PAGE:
Search results for “European cinema”

European CinemaEuropean Cinema is the first book to provide overviews of key movements in European film history, from the inception of the medium in 1895 to the present. The book includes accessible introductions to traditions as diverse as early Soviet cinema, German Expressionism, Surrealism, Italian Neorealism, the French New Wave, Ealing Comedy, East-Central European cinema, Contemporary Spanish cinema, and much more….

European Cinema ReaderThe European Cinema Reader is a comprehensive introduction to the theory and practice of national cinemas in Europe, bringing together classic writings by key filmmakers such as Sergei Eisenstein, Luis Buñuel and John Grierson, and critics from Andre Bazin to Peter Wollen. Contributors explore attempts to define European film culture and examine key issues of auteurism and the art house film, national cinemas, the relationship between European film and Hollywood, and issues of funding and distr…

European Cinema Posters (CL52232)Films have always challenged and inspired grahic designers, illustrators and photographers to showcase their movies in the most unique way….

European Cinemas, European Societies: 1939-1990 (Studies in Film, Television, and the Media)Through the Second World War and its aftermath, from economic boom to industrial decline, Europeans have faced similar changes in politics and their outlook on life. But even on the eve of the formation of a single European community, their cultural backgrounds are far from unified. In European Cinemas, European Societies Pierre Sorlin looks at the way the nations of Europe have expressed their cultural individuality in film. For instance, why do French films have such a distinctive style, dif…

The New European Cinema: Redrawing the Map (Film and Culture Series)New European Cinema offers a compelling response to the changing cultural shapes of Europe, charting political, aesthetic, and historical developments through innovative readings of some of the most popular and influential European films of the 1990s. Made around the time of the revolutions of 1989 but set in post-World War II Europe, these films grapple with the reunification of Germany, the disintegration of the Balkans, and a growing sense of historical loss and disenchantment felt across the…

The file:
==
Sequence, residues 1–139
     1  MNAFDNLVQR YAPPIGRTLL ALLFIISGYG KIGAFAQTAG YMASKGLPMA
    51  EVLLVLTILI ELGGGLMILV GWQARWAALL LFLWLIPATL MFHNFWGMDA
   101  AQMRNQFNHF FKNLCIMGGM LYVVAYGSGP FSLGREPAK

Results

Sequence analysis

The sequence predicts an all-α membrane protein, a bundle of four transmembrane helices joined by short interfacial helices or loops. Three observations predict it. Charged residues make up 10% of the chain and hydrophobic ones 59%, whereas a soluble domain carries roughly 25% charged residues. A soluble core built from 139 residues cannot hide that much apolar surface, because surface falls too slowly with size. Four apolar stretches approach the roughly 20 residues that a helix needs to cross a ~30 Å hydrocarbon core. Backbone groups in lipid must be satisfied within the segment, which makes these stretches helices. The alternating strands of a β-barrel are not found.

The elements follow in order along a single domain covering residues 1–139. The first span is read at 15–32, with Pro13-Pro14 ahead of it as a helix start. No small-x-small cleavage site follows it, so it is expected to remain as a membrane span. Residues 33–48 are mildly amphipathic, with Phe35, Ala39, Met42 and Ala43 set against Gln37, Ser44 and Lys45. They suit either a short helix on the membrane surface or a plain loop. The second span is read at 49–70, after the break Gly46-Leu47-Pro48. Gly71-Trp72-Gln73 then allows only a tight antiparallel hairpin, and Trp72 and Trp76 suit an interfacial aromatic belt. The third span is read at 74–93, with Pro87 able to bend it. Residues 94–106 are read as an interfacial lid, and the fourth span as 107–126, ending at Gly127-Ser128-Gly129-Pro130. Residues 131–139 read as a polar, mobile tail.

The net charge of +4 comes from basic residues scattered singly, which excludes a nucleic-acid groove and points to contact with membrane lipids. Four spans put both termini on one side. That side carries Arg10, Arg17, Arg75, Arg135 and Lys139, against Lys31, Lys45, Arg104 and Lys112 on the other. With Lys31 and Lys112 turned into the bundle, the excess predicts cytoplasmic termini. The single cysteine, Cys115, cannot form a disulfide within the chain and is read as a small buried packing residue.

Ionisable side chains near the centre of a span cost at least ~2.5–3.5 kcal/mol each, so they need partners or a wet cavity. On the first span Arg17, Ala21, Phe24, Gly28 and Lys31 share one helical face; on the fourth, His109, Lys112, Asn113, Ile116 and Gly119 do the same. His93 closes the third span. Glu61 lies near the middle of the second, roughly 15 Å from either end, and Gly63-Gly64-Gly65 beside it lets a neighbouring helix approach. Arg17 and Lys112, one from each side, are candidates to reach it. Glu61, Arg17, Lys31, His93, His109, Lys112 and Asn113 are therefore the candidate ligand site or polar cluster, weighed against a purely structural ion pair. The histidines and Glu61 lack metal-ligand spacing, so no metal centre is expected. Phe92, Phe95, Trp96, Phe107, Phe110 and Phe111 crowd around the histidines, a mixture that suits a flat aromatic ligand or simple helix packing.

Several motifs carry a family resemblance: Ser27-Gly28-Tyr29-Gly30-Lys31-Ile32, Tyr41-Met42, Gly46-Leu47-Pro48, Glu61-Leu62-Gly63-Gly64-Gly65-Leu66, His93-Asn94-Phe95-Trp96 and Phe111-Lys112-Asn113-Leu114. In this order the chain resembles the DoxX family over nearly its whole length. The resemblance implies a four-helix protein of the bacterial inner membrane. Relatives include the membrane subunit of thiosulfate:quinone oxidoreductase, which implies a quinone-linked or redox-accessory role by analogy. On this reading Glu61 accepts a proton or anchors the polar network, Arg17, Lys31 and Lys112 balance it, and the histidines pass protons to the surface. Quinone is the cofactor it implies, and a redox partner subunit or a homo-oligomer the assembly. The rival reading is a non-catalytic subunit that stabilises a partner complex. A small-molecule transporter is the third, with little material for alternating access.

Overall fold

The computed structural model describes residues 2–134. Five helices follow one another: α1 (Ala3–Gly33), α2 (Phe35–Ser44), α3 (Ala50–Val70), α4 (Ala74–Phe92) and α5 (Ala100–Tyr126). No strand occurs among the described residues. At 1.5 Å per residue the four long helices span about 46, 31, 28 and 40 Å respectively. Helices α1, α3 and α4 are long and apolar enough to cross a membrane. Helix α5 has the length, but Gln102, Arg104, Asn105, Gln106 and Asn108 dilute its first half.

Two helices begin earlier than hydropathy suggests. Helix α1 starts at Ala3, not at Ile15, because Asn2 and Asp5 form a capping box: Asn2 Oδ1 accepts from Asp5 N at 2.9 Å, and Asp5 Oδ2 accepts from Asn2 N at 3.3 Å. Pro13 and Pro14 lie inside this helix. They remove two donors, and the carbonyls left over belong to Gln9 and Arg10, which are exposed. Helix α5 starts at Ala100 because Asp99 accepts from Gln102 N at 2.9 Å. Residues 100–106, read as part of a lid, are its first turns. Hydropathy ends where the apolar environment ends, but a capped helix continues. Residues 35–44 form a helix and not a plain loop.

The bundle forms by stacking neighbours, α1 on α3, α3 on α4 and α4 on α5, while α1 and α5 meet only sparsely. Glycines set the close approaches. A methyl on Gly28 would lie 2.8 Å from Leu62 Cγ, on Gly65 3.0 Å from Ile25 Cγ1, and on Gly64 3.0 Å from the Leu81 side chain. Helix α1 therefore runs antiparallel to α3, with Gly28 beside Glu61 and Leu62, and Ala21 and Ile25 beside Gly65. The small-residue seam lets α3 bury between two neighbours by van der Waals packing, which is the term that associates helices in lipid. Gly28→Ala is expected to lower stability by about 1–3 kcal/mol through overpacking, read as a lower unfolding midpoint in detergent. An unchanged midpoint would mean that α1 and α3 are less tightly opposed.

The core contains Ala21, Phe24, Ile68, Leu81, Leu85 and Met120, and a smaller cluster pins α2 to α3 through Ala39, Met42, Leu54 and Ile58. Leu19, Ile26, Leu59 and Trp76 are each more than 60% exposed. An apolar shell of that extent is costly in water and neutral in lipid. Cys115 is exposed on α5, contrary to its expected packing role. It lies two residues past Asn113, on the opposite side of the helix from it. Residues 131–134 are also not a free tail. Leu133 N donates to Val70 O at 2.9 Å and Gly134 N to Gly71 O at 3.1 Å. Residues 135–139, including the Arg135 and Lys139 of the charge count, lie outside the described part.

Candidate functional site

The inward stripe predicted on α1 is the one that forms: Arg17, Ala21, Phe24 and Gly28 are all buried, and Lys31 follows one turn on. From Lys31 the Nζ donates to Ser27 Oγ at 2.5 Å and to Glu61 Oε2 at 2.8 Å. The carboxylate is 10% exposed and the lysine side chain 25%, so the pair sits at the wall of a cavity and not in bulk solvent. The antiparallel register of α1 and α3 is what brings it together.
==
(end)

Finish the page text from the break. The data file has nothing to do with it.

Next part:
The BFI Companion to Eastern European and Russian CinemaThis work maps the rich, varied cinema of Eastern Europe, Russia and the former USSR. Over 200 entries cover a varitey of topics spanning a century of endeavour and turbulent history from Czech animation to Soviet montage. It includes entries on actors and directors and key figures like Eisenstein….

East, West and Centre: Reframing post-1989 European CinemaTwenty-five years have passed since the fall of the Berlin Wall and the end of communism in Eastern Europe, and ten years have passed since the first formerly communist states entered the EU. An entire post-Wall generation has now entered adulthood, yet scholarship on European cinema still tends to divide the continent along the old Cold War lines.In East, West and Centre the world’s leading scholars in the field assemble to consider the ways in which notions such as East and West, national and …

Screening Modernism: European Art Cinema, 1950-1980 (Cinema and Modernity)Casting fresh light on the renowned productions of auteurs like Antonioni, Fellini, and Bresson and drawing out from the shadows a range of important but lesser-known works, Screening Modernism is the first comprehensive study of European art cinema’s postwar heyday.Spanning from the 1950s to the 1970s, András Bálint Kovács’s encyclopedic work argues that cinematic modernism was not a unified movement with a handful of styles and themes but rather a stunning range of variations on the cor…

Euro Horror: Classic European Horror Cinema in Contemporary American Culture (New Directions in National Cinemas)Beginning in the 1950s, “Euro Horror” movies materialized in astonishing numbers from Italy, Spain, and France and popped up in the US at rural drive-ins and urban grindhouse theaters such as those that once dotted New York’s Times Square. Gorier, sexier, and stranger than most American horror films of the time, they were embraced by hardcore fans and denounced by critics as the worst kind of cinematic trash. In this volume, Olney explores some of the most popular genres of Euro Horror cinema―…

Mythopoetic Cinema: On the Ruins of European IdentityIn Mythpoetic Cinema, Kriss Ravetto-Biagioli explores how contemporary European filmmakers treat mythopoetics as a critical practice that questions the constant need to provide new identities, a new Europe, and with it a new European cinema after the fall of the Soviet Union. Mythopoetic cinema questions the perpetual branding of movements, ideas, and individuals. Examining the work of Jean-Luc Godard, Alexander Sokurov, Marina Abramovic, and Theodoros Angelopoulos, Ravetto-Biagioli argues that …